In many regions of the world, Mourvèdre is often blended with other varieties such as Grenache and Syrah in the "GSM" blends of Rhône, Australia and the United States. In these blends, Mourvèdre often provides colour, fruit and some tannic structure to complement the fruity Grenache and elegant Syrah. In Provence and Rhône it also sometimes blended with Cinsault and Carignan as part of both red table wines and rosé. In Australia, the variety is sometimes used in fortified port-style wines.
According to wine expert Jancis Robinson, in favourable vintages Mourvèdre can produce highly perfumed wines with intense fruit flavours and notes of blackberries and gamy or meaty flavours. Oz Clarke notes that some examples of Mourvèdre may come across as faulted in their youth with "farmyard-y" and strong herbal flavours. As the wine ages, more earthy tertiary aromas may develop before becoming more leather and gingerbread aroma notes.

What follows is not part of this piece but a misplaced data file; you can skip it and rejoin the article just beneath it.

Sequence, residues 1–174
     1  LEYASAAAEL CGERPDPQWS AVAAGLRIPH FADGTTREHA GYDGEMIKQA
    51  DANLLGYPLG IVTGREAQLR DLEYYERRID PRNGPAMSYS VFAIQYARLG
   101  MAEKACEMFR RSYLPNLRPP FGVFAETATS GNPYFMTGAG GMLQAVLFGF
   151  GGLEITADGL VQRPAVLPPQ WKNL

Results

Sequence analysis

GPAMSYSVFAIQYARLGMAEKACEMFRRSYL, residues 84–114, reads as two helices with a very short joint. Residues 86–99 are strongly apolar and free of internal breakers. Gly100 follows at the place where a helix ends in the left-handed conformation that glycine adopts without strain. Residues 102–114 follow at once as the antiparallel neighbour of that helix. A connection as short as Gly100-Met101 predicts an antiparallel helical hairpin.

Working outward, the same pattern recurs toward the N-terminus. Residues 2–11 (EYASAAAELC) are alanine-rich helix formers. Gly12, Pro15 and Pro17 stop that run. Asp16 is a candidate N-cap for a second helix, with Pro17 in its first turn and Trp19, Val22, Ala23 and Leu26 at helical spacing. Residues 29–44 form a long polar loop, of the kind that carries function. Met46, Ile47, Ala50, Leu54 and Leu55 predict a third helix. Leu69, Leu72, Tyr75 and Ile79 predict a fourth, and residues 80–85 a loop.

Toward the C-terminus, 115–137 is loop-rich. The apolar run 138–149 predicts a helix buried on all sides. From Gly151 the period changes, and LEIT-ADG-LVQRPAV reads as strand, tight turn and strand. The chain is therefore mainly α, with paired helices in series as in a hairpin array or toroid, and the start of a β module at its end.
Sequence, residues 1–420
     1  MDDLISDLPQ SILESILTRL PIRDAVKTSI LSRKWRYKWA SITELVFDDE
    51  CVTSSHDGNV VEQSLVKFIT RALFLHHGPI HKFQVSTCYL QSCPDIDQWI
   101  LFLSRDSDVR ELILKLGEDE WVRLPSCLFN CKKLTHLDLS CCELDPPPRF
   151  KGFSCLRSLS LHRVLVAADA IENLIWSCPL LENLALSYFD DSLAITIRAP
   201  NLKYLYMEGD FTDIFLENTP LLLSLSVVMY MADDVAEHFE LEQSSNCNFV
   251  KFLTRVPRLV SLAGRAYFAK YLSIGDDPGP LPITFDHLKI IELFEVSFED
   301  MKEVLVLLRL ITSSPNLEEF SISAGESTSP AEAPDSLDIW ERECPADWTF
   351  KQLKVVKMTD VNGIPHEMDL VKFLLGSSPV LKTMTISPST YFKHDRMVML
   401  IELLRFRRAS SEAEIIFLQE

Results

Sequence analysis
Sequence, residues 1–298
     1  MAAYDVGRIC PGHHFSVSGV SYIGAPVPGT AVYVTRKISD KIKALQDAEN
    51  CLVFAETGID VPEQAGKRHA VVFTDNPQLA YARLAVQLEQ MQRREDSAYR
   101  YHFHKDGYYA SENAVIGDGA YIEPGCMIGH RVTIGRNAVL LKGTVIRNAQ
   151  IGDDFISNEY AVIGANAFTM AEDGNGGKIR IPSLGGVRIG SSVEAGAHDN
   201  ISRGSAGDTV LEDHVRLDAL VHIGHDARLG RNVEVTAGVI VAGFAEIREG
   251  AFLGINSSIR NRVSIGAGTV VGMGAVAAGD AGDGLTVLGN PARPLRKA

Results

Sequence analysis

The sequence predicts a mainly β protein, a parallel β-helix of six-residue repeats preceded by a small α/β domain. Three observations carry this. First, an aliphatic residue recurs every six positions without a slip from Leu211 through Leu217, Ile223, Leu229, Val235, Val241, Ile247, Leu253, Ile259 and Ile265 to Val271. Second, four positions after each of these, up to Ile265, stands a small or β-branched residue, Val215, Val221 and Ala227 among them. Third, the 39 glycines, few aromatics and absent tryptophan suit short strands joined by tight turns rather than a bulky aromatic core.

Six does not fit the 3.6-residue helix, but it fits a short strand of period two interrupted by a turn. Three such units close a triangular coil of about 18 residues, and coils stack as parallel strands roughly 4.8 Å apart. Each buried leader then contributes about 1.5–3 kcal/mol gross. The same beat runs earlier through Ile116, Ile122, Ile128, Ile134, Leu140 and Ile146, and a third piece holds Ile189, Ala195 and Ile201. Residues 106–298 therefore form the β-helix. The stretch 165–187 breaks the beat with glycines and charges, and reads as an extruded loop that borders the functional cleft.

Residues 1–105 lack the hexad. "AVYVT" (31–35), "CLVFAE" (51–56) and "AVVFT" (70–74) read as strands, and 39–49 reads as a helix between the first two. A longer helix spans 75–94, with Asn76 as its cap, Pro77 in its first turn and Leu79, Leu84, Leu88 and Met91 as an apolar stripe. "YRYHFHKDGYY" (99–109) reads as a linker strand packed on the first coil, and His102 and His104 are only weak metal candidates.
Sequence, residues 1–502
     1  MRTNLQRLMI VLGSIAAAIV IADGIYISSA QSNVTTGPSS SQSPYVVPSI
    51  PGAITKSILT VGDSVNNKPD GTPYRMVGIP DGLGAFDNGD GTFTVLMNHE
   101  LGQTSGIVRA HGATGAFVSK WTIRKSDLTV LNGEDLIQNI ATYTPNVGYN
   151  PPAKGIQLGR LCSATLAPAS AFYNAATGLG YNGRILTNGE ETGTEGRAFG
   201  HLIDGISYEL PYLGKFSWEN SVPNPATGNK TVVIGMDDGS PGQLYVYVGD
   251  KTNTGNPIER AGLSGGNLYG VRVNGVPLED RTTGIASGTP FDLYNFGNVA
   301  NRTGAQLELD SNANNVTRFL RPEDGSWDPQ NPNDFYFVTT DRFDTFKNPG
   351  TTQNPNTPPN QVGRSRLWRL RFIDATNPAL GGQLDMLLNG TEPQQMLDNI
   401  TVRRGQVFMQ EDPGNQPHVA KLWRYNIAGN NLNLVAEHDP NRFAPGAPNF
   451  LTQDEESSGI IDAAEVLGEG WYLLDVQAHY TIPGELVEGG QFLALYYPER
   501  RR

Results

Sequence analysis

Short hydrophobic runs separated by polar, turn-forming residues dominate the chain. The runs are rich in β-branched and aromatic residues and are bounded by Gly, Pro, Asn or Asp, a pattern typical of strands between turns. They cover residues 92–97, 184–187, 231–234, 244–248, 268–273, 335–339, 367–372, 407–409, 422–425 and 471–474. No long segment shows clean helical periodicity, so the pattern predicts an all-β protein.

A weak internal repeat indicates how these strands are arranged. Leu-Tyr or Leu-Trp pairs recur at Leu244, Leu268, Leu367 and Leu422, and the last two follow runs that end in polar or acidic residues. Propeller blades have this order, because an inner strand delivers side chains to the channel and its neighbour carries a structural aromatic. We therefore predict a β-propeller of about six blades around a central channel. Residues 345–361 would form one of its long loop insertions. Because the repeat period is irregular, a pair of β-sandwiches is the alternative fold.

In both Old and New World wine regions, Mourvèdre is a popular grape to be used in rosé winemaking. These wines can be made as a dedicated rosé where the skins are allowed only a brief period of skin contact (a few hours or a single day) before they are pressed or as saignée where some of the juice destined for a red Mourvèdre is "bled off" during fermentation creating two separate wines - a darker, more concentrated red wine and the lighter rosé.
Alternative Names: Monastrell, Mataro, Esparte, Etrangle-Chien